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SC condemns rules of appointing regulators at tribunals | India news

NEW DELHI: The Supreme Court on Wednesday overturned a rule that makes the Center regulate the appointment of tribunal members and appellate tribunals, saying the government by itself giving a dominant and overwhelming voice to appointments is a "denial" of judicial independence.
The court said the presumption selection committees, as provided in the rules, are against the constitutional scheme because they dilute the involvement of the judiciary in the process of appointing tribunal members and what it means to infringe executive power over the judiciary.
The court instructed the government to conduct a new exercise in accordance with the principles listed earlier by the Apex court. "The rules of the Tribunal, the Appellate Tribunal and other competent bodies (qualifications, experience and other conditions of use of members), 2017, suffer from various weaknesses," said five-judge Chief Justice Rajan Gogoi and Judges HN Ramana. , Dewey Chandrachood, Deepak Gupta and Sanjiv Kana.
The court held that "these rules formulated by the Central Government pursuant to section 184 of the Finance Act 2017, which are contrary to the Law on Parents and the principles set forth in the Constitution, as interpreted by this Court, have been repealed in their entirety."
The committee asked the Center to re-formulate the rules strictly in accordance with the principles outlined by Apex court and said the new rules provide non-discriminatory and uniform conditions of service, including a secured term, given that the chairman and members appointed after retirement and which are caused by the Bar or other specialized professions / services, are two separate and separate homogenous classes.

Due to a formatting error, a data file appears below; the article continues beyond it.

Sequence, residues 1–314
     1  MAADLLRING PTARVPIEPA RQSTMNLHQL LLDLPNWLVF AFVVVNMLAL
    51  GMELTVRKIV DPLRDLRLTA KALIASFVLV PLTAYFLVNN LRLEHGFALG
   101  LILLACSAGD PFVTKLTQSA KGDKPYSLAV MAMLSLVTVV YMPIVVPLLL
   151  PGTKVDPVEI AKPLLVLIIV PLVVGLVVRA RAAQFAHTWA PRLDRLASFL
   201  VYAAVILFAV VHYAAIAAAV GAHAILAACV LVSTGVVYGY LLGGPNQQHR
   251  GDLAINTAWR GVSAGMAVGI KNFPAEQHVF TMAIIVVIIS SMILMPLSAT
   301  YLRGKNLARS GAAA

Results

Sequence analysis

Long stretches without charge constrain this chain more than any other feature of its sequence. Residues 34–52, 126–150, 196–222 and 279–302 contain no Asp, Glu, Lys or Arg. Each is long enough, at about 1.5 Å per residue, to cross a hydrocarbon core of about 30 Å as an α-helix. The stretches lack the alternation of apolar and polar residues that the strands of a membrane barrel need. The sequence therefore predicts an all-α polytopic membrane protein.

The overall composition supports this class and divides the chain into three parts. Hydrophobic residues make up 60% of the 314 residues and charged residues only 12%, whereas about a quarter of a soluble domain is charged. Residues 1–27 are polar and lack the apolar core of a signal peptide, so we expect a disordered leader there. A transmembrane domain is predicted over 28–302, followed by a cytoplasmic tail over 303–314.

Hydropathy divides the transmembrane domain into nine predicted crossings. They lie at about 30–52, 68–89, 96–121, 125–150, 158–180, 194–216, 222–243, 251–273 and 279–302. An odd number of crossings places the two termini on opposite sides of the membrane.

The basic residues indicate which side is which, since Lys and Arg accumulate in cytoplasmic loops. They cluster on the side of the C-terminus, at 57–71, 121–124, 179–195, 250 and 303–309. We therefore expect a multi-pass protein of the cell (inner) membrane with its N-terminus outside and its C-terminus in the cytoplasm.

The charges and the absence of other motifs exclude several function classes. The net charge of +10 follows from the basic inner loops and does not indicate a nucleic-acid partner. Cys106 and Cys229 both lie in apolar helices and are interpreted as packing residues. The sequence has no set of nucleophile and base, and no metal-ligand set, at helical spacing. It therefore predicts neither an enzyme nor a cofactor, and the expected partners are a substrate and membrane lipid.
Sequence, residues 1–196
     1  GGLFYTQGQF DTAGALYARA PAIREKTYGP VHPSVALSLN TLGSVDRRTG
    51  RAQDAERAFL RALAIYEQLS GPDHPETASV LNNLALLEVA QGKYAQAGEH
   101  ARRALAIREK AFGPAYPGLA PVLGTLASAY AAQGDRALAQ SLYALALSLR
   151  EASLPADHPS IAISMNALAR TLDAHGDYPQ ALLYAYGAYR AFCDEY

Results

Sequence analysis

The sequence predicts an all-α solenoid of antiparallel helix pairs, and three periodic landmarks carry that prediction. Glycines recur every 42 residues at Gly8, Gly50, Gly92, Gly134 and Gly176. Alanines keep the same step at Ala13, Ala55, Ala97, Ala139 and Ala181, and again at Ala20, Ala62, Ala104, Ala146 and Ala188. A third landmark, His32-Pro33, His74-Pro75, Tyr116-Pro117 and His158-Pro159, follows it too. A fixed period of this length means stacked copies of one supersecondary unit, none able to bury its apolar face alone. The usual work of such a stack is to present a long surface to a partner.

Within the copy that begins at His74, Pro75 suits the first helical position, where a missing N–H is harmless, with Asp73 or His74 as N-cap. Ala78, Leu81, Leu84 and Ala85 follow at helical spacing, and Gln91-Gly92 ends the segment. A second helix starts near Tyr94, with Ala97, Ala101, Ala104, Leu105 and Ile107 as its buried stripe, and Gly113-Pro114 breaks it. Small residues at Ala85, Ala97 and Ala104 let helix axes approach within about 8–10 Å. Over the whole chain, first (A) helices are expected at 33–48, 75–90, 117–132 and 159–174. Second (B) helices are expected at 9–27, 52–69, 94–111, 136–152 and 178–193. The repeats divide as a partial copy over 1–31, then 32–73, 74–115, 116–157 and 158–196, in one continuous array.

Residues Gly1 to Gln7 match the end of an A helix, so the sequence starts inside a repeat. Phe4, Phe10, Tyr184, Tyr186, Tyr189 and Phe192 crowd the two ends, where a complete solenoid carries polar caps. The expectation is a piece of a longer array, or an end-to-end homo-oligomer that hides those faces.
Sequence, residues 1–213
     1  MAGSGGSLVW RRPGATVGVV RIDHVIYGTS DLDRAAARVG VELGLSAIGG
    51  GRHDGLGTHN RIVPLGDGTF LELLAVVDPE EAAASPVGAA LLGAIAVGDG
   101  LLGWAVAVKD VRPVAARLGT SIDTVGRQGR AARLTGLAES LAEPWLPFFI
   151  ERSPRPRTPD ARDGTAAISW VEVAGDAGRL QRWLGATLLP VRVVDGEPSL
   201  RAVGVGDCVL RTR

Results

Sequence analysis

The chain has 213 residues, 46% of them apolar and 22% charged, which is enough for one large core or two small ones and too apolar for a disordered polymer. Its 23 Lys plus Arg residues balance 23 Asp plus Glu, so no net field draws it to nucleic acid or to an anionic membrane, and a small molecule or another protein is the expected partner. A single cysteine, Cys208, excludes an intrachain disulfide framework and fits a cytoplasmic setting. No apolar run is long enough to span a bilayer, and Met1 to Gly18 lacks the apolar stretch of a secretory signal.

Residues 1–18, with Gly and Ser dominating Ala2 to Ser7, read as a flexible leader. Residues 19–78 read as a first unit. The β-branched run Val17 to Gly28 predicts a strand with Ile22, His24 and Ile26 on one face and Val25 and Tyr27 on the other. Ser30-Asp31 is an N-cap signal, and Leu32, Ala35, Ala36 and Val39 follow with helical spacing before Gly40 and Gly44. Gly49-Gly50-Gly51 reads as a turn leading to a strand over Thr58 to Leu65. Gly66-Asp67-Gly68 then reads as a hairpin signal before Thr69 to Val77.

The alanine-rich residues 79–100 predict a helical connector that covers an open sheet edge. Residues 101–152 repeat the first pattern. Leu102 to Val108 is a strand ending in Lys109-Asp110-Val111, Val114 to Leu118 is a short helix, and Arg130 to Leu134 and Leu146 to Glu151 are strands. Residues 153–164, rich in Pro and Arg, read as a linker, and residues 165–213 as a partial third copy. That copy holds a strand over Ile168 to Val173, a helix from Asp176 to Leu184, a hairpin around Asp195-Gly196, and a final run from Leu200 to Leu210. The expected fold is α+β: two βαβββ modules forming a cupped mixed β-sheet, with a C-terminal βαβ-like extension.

The bench also said that the Center should conduct an impact assessment of the judiciary on all tribunals referring to the Finance Act 2017 in order to analyze the consequences of changes in their framework and asked the Ministry of Justice and Justice to carry out such exercise and submit findings to the competent legislative authority. It also allowed the Center to conduct a merger exercise with existing tribunals and thereafter to represent an appropriate number of benches commensurate with the existing and expected workload.
The bench notes that the Center has adopted a "dominant" vote in deciding appointments as a "selection-search committee for all 17 tribunals listed in the schedule is made up or entirely of staff nominated by the central government or containing a majority of government staff. " Justice Chandrachood and Gupta wrote separate but concurring rulings and agreed with the SPP's opinion.
"The central government is the largest court case before the tribunals, formed under various statutes. Allowing the executive to oversee the various aspects of the tribunals would be a destructive judicial independence which is a fundamental feature of the Constitution. The rules for 2017 are destructive to judicial independence and are unconstitutional, ”Justice Chandrachood said.
The court also recommended the establishment of an independent legal body, the "National Commission for Tribunals", to oversee the process of selection of members, lay down criteria for appointment, pay, remuneration and removal of presidents and members of tribunals.

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